Ground source heat pumps
There are two types of heat pump available to the home-owner, air source and ground source heat pumps. Both use similar technology to a refrigerator; extracting heat from one area and moving it into another.
According to Peter Bartley from building services and sustainability consultants CHBS:
“Heat pumps use electricity, which is currently a carbon intensive fuel; however they have a very high efficiency, with a good system expected to provide, on average, three units of heat for every unit of electricity used. But the fact that electricity costs around three times more than gas means that running cost savings are small when compared to high efficiency condensing gas boilers, and carbon emissions can even be higher depending on the installed product efficiency. Heat pumps are now designed to provide both space heating and hot water, however they generate heat at lower temperatures than gas-boilers and will usually require underfloor heating or oversized radiators.”
As their names suggest air source heat pumps extract heat stored in the outdoor air and ground source heat pumps extract heat which is stored in the ground. Air source is not always feasible at lower temperatures, especially since the times when you’re most likely to need them, i.e. In the morning and evening, the air temperature will be at its lowest. A higher efficiency can generally be achieved from a ground source heat pump as the average temperature underground is higher than the average air temperature.
The Renewable Heat Incentive
Launched in March 2011, the Renewable Heat Incentive offers money towards installation costs as well as payments for heat generated. Peter Bartley from CHB Sustainability explains more.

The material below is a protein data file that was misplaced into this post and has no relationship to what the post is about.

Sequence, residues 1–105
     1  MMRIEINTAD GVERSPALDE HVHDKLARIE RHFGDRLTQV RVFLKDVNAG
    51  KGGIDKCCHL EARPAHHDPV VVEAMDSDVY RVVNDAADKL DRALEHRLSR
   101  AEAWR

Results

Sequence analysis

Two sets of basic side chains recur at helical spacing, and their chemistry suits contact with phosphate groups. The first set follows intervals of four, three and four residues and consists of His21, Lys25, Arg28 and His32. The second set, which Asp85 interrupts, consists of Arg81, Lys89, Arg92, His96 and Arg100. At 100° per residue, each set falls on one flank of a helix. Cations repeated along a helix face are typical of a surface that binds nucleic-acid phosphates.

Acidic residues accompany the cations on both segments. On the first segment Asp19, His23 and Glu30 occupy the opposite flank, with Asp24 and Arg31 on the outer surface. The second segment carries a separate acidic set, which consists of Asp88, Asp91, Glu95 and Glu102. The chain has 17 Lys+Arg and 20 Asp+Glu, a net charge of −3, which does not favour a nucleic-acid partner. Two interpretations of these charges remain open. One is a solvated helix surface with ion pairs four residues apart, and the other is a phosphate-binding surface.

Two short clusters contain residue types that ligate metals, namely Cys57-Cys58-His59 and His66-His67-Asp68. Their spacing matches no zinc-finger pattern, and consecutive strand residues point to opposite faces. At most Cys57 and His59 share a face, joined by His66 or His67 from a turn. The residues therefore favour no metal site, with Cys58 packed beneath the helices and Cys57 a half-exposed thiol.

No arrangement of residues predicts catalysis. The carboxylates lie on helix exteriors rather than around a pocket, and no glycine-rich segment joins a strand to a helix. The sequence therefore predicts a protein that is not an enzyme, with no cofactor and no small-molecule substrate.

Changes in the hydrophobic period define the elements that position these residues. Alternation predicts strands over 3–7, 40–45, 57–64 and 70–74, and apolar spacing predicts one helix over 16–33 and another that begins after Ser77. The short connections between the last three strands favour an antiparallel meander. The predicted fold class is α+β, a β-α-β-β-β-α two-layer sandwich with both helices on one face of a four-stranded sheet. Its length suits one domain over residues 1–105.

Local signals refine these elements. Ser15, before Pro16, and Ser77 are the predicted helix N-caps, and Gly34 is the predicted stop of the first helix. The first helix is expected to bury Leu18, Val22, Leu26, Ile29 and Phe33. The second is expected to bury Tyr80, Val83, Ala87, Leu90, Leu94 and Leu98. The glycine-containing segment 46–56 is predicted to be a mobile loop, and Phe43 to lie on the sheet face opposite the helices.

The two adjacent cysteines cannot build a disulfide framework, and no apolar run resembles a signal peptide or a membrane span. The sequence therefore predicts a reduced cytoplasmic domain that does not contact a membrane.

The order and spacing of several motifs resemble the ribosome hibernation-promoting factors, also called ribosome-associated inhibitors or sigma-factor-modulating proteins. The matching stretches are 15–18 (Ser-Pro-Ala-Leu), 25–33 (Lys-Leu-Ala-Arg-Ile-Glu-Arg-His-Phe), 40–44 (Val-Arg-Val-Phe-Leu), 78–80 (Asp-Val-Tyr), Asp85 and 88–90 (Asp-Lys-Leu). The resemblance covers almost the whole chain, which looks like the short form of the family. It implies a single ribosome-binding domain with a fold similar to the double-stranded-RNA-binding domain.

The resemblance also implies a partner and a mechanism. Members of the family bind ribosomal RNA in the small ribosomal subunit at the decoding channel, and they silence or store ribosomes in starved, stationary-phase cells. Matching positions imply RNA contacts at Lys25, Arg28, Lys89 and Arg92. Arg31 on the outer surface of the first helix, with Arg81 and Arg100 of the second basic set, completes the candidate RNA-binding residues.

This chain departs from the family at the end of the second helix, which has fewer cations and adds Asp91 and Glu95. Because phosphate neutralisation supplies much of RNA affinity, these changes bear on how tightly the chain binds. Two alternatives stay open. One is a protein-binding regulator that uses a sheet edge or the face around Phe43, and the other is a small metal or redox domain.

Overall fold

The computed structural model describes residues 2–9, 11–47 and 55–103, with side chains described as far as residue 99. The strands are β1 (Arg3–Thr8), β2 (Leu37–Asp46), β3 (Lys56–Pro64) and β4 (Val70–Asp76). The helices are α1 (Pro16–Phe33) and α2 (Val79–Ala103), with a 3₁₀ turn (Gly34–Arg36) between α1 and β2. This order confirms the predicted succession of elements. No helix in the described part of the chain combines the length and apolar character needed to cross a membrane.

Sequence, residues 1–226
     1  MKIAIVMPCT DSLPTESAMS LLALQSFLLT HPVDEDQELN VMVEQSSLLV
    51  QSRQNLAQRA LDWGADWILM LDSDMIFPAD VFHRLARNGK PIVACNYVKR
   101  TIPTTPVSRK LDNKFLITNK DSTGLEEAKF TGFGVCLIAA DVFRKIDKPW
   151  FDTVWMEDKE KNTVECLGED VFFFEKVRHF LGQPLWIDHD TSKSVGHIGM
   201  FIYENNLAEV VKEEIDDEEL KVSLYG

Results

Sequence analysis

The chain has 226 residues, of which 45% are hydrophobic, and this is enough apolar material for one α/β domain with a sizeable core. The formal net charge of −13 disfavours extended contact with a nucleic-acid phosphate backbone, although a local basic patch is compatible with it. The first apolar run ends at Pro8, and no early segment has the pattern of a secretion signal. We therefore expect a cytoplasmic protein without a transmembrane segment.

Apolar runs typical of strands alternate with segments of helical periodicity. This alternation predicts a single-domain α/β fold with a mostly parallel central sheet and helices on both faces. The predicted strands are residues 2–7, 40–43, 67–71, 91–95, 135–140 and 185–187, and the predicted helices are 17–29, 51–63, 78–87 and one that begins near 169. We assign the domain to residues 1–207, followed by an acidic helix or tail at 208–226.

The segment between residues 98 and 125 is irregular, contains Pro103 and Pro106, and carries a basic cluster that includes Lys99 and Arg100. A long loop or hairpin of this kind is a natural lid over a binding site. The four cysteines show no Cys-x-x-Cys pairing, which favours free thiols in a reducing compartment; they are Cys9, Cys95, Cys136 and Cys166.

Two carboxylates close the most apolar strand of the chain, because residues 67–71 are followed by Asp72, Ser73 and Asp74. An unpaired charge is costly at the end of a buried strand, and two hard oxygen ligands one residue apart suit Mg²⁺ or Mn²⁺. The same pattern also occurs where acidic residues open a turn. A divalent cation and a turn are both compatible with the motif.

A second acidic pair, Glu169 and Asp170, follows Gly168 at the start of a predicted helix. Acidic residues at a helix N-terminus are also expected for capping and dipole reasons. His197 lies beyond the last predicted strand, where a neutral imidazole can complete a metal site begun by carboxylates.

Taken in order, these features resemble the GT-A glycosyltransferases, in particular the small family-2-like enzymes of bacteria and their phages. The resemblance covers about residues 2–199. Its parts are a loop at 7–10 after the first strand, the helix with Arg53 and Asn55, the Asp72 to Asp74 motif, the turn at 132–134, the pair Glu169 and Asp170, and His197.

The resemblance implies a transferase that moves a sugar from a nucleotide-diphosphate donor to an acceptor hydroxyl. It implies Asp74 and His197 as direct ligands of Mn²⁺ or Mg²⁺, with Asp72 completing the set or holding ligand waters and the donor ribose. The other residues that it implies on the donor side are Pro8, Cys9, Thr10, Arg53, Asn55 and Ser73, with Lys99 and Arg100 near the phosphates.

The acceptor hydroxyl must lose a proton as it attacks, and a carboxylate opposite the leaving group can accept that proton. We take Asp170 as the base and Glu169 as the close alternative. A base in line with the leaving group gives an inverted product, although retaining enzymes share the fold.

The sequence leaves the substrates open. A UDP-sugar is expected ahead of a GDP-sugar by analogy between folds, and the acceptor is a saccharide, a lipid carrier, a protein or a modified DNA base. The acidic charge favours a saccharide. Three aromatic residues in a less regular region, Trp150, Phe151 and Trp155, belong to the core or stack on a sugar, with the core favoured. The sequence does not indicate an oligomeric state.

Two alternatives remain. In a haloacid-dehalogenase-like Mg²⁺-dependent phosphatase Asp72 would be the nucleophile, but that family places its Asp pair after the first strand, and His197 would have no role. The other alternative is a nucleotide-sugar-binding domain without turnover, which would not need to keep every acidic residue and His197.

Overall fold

The Renewable Heat Incentive is an initiative similar to the feed-in tariffs for electronic generation, which aims to encourage the installation of renewable heat equipment in the UK. Unlike the Feed in Tariff though, it will use a whole-house approach which integrates both energy-efficiency and heat generation, so as not to encourage excess production of heat.
It is open to everyone (including homeowners, landowners, businesses, schools hospitals and entire communities who have joined up to invest in these technologies), and applicable to several different technologies, including biomass, solar thermal, heat-pumps, on-site biogas, deep geothermal, energy from waste and injection of biomethane into the gas grid.
There are three steps involved:
Step One: you install in your property renewable heat systems such as solar thermal panels, heat pumps or a biomass boiler
Step Two: you measure how much heat your renewable energy systems produce
Step Three: you get paid a fixed amount based on that output, the type of technology and the size of the system.
It will be introduced in two phases:
1) Beginning in July 2011, this will include upfront one-off payments (the Renewable Heat Premium Payment) to homeowners to reduce the initial capital cost of investing in renewable heat technologies.
This will be similar to Feed in Tariffs for renewable electricity with an annual payment based on the amount of renewable energy generated.
2) The second phase will benefit those who have installed an eligible technology since 15th July 2009; therefore it is a great idea to take advantage of phase one to get an upfront grant as you will still be eligible for annual payments from October 2012 when phase two commences.
Details of the phase two payments are unknown at the moment but are expected to be of the scale to give simple payback on investment within 15 – 30 years.
When considering any renewable energy technologies it is essential to ensure that you have already exhausted all the straight-forward energy efficiency measures that you can, such as insulation, draught proofing and low energy lighting. There’s no point generating renewable energy just to waste it!